Behind the Buzzword: The Autonomous Supply Chain

autonomous supply chain - robotic warehouse

The drive for digitization is everywhere. What does that mean for supply chain planning? A number of companies and supply chain technologists are pursuing a vision they describe as the Autonomous Supply Chain—a supply chain that is largely self-learning, adapting, and holistically focused on continuously meeting the needs of consumers and customers.

Suffice it to say, the concept of digitizing the supply chain doesn’t just sound cool. It’s also poised to offer tremendous value to those companies that achieve it, maximizing revenue and margins while removing costs and simplifying planning activities across the value chain.

You may shudder at the thought or dismiss it out of hand—after all, a recent McKinsey study found that the average supply chain has a digitization level of just 43%. Have the futurists gotten ahead of themselves? Will any of those benefits ever really materialize?

Based on my experience helping retail clients install a supply chain process I call Flowcasting to plan and manage the flow of inventory from supplier to consumer, I would say that many benefits are already here. In fact, I expect that the autonomous, self-learning supply chain will soon become the norm. In this edition of Business Talent Group’s Behind the Buzzword series, I’ll explain why.

What is an autonomous supply chain?

The vision behind the end-to-end, autonomous supply chain is to leverage data and technology to anticipate consumer demand for each item that a retailer sells—then locate, load, and transport that item to the location where it’s needed, whether that’s a shelf on a store, a distribution center, or a customer’s home—all with little human intervention. To do that, an autonomous supply chain needs to know where all inventory and even all individual components are, at all times.

That may not yet be possible across all industries. But some of the technologies that are driving the development of autonomous supply chain systems are already powering huge advances. In particular, it’s now possible for retailers and their CPG partners to view a digital twin of their entire, extended supply chain within a single planning solution.

What’s a digital twin?

A digital twin is a complete model of the business, whereby all physical product flows, both current and planned, are digitally represented within the solution—a complete, up-to-date, real time view of their business, containing all projected flows from supplier to consumer for an extended planning horizon of 52 or more weeks.

This enables what we often refer to as continuous planning. The process and solution re-plans and re-calibrates the entire value chain, digitally, based on what happens physically. Changes in sales, inventories, or shipments will result in re-forecasting and re-planning product flows—to stay in stock, flow inventory, and respond to real exceptions or unplanned events. The process, solution, and supply chain is self-learning.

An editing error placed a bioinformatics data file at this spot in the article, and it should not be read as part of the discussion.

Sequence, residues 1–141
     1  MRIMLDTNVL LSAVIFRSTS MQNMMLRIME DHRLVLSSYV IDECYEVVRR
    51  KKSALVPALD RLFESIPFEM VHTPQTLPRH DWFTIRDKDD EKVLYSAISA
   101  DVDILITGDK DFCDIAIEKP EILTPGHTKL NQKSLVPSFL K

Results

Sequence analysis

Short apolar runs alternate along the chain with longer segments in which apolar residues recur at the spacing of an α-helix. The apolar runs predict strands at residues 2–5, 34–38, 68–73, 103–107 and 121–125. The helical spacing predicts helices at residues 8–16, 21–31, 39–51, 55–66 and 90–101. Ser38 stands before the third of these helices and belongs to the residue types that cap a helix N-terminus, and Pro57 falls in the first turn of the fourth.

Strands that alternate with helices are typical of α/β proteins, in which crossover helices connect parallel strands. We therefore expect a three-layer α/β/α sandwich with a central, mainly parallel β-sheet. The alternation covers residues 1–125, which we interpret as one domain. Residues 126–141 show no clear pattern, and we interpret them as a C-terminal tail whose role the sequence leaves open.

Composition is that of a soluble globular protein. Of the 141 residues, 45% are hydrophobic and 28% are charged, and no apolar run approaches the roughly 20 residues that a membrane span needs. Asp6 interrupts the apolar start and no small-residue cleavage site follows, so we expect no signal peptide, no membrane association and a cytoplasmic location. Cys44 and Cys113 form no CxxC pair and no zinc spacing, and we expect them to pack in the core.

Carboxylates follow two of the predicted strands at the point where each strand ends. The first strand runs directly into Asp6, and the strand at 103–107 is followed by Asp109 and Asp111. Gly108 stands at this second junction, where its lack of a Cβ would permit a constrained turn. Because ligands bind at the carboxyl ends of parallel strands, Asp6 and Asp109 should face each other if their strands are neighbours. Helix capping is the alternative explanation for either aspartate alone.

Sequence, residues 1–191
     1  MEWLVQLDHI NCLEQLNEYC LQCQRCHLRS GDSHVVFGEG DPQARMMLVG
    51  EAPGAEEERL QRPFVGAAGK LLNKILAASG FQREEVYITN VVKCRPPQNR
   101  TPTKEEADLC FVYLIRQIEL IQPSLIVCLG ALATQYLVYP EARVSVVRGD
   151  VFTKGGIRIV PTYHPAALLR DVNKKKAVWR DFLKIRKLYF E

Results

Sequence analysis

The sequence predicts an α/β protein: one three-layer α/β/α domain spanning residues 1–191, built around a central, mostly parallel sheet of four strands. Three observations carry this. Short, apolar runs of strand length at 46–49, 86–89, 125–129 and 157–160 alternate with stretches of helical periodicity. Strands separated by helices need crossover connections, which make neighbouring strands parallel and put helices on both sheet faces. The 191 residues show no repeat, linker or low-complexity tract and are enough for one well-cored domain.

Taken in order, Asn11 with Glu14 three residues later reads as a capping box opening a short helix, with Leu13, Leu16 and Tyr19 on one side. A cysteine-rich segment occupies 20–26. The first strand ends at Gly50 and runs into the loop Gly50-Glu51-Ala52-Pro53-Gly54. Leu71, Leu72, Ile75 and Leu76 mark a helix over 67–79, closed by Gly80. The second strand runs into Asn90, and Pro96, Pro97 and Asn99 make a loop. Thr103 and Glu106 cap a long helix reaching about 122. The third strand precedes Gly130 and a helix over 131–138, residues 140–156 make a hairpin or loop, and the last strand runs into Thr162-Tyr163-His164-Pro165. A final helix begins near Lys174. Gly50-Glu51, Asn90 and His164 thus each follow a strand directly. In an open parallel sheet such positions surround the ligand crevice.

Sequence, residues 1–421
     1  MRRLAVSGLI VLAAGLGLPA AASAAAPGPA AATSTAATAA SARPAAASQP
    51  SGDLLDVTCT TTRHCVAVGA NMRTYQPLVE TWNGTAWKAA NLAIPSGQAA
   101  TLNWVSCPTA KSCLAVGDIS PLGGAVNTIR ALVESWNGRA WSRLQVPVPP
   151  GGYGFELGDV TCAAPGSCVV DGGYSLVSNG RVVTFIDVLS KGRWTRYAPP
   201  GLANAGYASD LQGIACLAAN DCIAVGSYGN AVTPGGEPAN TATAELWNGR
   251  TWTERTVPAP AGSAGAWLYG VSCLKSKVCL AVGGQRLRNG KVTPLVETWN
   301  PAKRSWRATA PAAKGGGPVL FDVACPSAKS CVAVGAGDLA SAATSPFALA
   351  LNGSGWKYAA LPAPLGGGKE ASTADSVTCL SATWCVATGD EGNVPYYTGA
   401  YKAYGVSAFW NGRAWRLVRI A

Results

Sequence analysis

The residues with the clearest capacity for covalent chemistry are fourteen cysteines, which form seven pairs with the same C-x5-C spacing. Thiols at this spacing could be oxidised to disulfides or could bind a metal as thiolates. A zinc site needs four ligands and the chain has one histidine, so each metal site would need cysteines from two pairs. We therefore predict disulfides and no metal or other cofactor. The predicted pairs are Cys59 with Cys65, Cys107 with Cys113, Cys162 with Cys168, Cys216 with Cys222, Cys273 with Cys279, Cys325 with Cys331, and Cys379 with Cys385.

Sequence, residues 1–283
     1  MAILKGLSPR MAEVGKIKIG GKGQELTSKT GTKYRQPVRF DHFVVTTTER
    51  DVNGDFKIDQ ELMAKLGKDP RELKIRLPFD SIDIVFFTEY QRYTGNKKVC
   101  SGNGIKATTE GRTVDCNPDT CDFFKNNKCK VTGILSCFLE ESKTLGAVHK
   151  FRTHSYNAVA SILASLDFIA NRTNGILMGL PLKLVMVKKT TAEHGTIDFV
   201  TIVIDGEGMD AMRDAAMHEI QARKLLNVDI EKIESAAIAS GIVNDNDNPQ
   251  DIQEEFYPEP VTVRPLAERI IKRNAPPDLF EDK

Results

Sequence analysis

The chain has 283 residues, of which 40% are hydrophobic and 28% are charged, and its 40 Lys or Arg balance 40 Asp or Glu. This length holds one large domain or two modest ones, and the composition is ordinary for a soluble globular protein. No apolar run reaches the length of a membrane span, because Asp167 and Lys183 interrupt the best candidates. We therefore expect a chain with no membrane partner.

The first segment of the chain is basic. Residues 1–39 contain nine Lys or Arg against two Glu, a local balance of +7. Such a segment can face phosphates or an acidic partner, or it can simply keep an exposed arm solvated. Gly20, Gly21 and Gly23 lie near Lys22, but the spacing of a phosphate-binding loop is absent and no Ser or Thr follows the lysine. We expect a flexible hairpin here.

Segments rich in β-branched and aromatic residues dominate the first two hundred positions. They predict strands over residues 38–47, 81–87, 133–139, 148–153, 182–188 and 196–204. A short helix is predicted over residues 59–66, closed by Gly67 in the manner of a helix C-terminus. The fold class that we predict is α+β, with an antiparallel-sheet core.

The result is that it can manage the flow of information and trigger the movement of goods, digitally, on auto-pilot, a vast majority of the time—requiring planner input only when judgment and experience are needed.

When I think about how our clients use the Flowcasting process to plan, for instance, I would estimate that 95% of the product flows are initiated automatically (e.g., digitally) based on the solution interpreting what yesterday’s sales and inventory movements mean, and then re-adjusting, self-correcting, and altering current and planned product flows.

Furthermore, as part of one implementation, we worked with planners to semi-automate how the solution would handle certain exceptions based on what they learned during its initial pilot. It’s certainly not a stretch to think that, at some point, a machine learning algorithm could do that, too, and respond to these types of anomalies in order to enable the smooth and continuous flow of product.

What are the results?

Flowcasting is not a fully autonomous solution. But it is self-learning, self-correcting, and digitized. So what has it brought the retailers that have adopted it?

The highest in-stocks in company history, increased sales, improved inventory turns, reduced costs and, most importantly, happier customers.

Please understand I’m not talking about a Skynet scenario here. I firmly believe that supply chain planning solutions can largely become autonomous and self-learning, but will always require some human input for situations where intuition and judgement are required. But I’d argue this will be the exception and is also a form of a self-learning supply chain (e.g., people learn from experience).

The autonomous, self-learning supply chain is quite a vision. And, like all visions, it needs initial pilots and examples to move the ball forward, provide initial learnings, and help people understand what is and might be possible. Our recent retail implementations of Flowcasting have, we believe, helped the cause and should provide food for thought for any retailer.

So to the folks and companies pursuing this vision, I can only offer best wishes and the advice from Calvin Coolidge: “Press on. Nothing in this world can take the place of persistence”.

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This post was adapted from Mike’s blog.

About the Author

Mike Doherty

Mike Doherty is a supply chain educator and consultant, co-author of Flowcasting the Retail Supply Chain, and co-founder of Demand Clarity. His client, Princess Auto Ltd, was the first retailer to fully implement the Flowcasting process and manage its entire, extended business to a single set of numbers.

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